antibioticsThe Scottish Medicines Consortium (SMC) has approved four new medicines for routine use in NHS Scotland.

The approved drugs are:

  • Co-careldopa gel (Duodopa) for advanced Parkinson’s disease
  • Blinatumomab (Blincyto) for acute lymphoblastic leukaemia (ALL)
  • Mepolizumab (Nucala) for severe asthma
  • Febuxostat (Adenuric) for patients at risk of Tumour Lysis Syndrome (TLS), a complication due to the breakdown of cancer cells leading to a rise in uric acid level in the blood which can then cause kidney damage.

Co-careldopa and blinatumomab were both accepted after consideration under the SMC’s Patient and Clinician Engagement process (PACE) for medicines that treat end of life and very rare conditions.

For patients with advanced Parkinson’s disease where other medical options have been unsuccessful, co-careldopa gel can be given directly into the small intestine. The gel is administered via a pump and tubing which has to be surgically inserted into the gut. In the PACE meeting, patient groups and clinicians described the impact that advanced Parkinson’s disease can have on patients and their carers. They highlighted how co-careldopa gel, which would only be suitable for a small number of patients, can help to control symptoms of the disease. 

Blinatumomab was accepted for treatment of ALL, a rare and aggressive form of leukaemia. During the PACE meeting, patient groups and clinicians spoke of how patients are often diagnosed in their mid to late 30s, when many have work and family commitments. There is currently a lack of treatment options for this condition and blinatumomab may also provide a bridge to bone marrow transplant for some patients. 

Mepolizumab is used with other medicines in patients with severe eosinophilic asthma (a type of asthma characterised by an excess of inflammatory cells known as eosinophils), which is not well controlled with previous treatments. In a patient group submission, Asthma UK highlighted how there is an unmet need for people with severe asthma in the treatment options available to them.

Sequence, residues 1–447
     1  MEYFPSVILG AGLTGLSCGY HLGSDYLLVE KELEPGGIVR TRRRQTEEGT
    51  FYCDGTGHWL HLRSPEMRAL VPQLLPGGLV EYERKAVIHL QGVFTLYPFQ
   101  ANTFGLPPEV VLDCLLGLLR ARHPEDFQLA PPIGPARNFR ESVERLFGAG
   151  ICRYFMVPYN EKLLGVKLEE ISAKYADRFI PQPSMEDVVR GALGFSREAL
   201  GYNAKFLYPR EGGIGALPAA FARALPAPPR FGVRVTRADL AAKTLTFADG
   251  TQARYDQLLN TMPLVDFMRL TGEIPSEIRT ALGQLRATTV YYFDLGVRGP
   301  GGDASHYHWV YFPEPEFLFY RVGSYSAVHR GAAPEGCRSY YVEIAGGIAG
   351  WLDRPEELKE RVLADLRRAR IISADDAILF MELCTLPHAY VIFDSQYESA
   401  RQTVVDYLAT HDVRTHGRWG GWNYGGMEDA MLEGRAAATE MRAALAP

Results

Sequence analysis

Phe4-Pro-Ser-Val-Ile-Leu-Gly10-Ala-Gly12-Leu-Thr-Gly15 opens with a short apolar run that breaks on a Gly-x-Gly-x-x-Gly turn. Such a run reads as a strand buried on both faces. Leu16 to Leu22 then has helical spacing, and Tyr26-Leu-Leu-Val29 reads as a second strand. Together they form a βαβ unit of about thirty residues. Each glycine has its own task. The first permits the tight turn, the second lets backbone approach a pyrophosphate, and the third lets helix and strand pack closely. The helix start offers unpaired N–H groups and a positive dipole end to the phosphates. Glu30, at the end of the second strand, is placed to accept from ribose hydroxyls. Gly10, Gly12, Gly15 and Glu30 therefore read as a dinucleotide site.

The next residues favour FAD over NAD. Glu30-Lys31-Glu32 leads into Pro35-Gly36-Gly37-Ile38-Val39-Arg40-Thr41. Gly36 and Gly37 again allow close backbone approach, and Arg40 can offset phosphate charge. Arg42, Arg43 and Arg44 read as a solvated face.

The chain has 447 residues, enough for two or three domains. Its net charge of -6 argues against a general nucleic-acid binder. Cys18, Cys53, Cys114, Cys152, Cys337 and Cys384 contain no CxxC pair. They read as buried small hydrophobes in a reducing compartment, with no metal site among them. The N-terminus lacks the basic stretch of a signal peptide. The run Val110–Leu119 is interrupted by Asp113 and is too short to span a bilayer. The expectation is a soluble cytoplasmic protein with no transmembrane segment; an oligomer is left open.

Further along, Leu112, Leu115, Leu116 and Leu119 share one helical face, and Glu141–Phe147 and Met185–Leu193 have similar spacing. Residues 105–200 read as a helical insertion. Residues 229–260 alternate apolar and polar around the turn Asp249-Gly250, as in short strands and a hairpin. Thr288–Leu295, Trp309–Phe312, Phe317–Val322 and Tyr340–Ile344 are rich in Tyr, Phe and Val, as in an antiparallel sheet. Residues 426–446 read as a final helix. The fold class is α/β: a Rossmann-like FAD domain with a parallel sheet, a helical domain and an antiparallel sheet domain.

Also accepted was febuxostat, which is used to treat or prevent high levels of uric acid in the blood in adults with blood cancers who are on chemotherapy and at risk of TLS. Febuxostat offers another treatment option for patients who are intolerant of or unsuitable for current treatments.

However, the Committee was unable to accept cabazitaxel (Jevtana) for advanced prostate cancer and evolocumab (Repatha) for high cholesterol. 

Cabazitaxel, a chemotherapy for advanced prostate cancer, was considered through the PACE process, but the Committee was unable to recommend it as the overall health benefits of the medicine were not sufficient to justify the cost to the NHS. A meeting between the company and the SMC has been held to discuss next steps and the company has indicated its intention to resubmit.

Also not recommended was evolocumab, a medicine administered by injection for high cholesterol, which is one of a number of risk factors for cardiovascular disease. While evolocumab reduces high cholesterol levels, the Committee felt the lack of evidence about the long-term clinical benefits it can bring in relation to its cost, meant it was not a good use of NHS resources. 

Professor Jonathan Fox, chairman of the SMC, said: “I am pleased we were able to accept these new medicines for routine use in NHS Scotland. From the powerful testimony we heard from patients and clinicians about co-careldopa, we know this decision will be welcomed by patients and carers alike. Blinatumomab, which is a further treatment option for acute lymphoblastic leukaemia, and can provide a bridge to bone marrow transplant for some patients, is also to be welcomed. The lack of treatment options for those with severe asthma means mepolizumab will be of benefit, while febuxostat will help to treat those unable to tolerate current treatments for Tumour Lysis Syndrome.” 

Further details of all medicines can be found on our website, www.scottishmedicines.org.uk.